5. Nails – Abandon All Life (Southern Lord)
4. Kvelertak – Meir (Roadrunner)
3. Clutch – Earth Rocker (Weathermaker)
2. Protest The Hero – Volition (Razor And Tie)
1. Carcass – Surgical Steel (Nuclear Blast)

Hey, everybody! It may surprise you that here in my natural habitat of the music blog, I am supremely uncomfortable making lists.  Yes, I listen to a lot of music, and yes, there is stuff I like more than other stuff, but really when it comes down to taking my favorite albums from an entire year and ranking them on such a fine gradient, I just get miserable and ambivalent.  There was a lot of great hip hop produced this year and these are all great albums, and these are only in an order because John Laird forced me to do it.

5. Shad – Flying Colours
4. Janelle Monae – The Electric Lady
3. Chance The Rapper – Acid Rap
2. Run The Jewels – Run The Jewels
1. Danny Brown – Old

2013 was a big year for pop music. Miley’s tongue was inescapable, British teens ran rampant, and through it all I reveled in the weirdness. The latter half of this year found me really embracing my not-so-guilty pleasure of pure female fronted pop, so I thought I should theme my Top 5 to mainstream pop with female vocalists. Specific enough for ya? But after all, there’s so much of it, sometimes you need a spirit guide. Like Katy Perry–those of you who wrote her off for bubblegum pop need to check out Prism, where her dark side shines and emotions run rampant. And Ariana Grande–the next in line for a breakout from the Disney dynasty actually has the pipes to back it up, and I can’t stop spinning her tracks. Meanwhile, singles shine for Lady Gaga’s Artpop, where any track could be a hit–and Do What U Want is climbing charts for a reason. None of the Lana Del Rey songs on 2013′s Tropico are new–all taken from last year’s Paradise–but these three songs might be her best so far and provide an excellent primer for burgeoning Lana fans. Number one couldn’t go to anyone but Lorde–sure, brush her off as a one hit wonder, but I’d take Tennis and Ribs over Royals any day–it’s an incredible album.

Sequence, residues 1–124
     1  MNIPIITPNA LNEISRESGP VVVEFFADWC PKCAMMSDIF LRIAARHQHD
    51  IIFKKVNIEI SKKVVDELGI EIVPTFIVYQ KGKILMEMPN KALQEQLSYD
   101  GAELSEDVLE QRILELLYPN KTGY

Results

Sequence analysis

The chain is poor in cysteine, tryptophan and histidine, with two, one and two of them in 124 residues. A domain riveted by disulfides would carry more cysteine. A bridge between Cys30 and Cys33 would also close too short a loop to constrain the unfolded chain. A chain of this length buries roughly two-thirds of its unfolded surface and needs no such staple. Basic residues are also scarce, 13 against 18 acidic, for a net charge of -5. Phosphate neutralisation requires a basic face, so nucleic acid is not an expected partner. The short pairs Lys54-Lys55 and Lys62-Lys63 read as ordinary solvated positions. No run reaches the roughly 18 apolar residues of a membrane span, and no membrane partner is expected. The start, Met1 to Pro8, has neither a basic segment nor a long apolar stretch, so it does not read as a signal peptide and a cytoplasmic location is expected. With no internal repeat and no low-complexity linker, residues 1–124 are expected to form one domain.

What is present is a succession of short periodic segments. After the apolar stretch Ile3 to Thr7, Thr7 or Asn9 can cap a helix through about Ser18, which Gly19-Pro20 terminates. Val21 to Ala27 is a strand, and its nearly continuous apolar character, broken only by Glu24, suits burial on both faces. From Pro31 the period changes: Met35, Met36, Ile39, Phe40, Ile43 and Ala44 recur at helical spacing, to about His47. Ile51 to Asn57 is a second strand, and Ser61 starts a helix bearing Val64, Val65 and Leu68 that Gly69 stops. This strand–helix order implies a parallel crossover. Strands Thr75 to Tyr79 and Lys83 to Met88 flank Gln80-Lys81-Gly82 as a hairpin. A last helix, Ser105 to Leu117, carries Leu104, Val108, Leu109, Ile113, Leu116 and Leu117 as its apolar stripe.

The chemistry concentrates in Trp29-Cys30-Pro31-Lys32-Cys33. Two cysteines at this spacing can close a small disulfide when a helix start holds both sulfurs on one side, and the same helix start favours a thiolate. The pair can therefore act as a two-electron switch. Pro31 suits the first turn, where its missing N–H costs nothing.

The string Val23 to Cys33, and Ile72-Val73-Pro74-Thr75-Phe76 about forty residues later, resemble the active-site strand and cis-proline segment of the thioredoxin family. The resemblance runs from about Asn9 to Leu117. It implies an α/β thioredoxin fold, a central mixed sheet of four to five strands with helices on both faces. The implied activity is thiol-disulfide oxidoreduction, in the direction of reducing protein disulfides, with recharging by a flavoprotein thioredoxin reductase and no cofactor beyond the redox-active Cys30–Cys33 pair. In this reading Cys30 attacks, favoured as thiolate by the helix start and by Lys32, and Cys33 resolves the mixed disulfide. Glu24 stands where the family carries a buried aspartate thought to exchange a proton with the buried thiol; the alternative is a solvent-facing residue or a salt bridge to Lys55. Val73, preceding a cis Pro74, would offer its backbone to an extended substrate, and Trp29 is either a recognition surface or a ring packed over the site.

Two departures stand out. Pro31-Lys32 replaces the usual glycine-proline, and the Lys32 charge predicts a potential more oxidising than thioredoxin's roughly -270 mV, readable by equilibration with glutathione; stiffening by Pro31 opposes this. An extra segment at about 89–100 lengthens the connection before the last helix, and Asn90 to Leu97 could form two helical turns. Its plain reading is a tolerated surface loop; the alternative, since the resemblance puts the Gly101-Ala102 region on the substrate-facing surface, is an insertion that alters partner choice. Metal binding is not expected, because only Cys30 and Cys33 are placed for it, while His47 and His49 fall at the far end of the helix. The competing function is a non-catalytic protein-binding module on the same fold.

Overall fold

5. Katy Perry – Prism
4. Lady Gaga – Artpop
3. Ariana Grande – Yours Truly
2. Lana Del Rey – Tropico
1. Lorde – Heroine

So 2013 was pretty good year for music, yes? My thirst for catchy punk rock and fuzzy garage rock was quenched throughout the year. There were a bunch of albums I loved that did not make the very top of my list. I’m looking at you Ty Segall, Bad Sports, Mind Spiders, A Giant Dog, and Thee Oh Sees. I love you all but there can only be five:

5. Radioactivity – Radioactivity
4. Vaadat Charigim – The World Is Well Lost
3. Sweet Talk – Pickup Lines
2. Mikal Cronin – MCII
1. Parquet Courts – Light Up Gold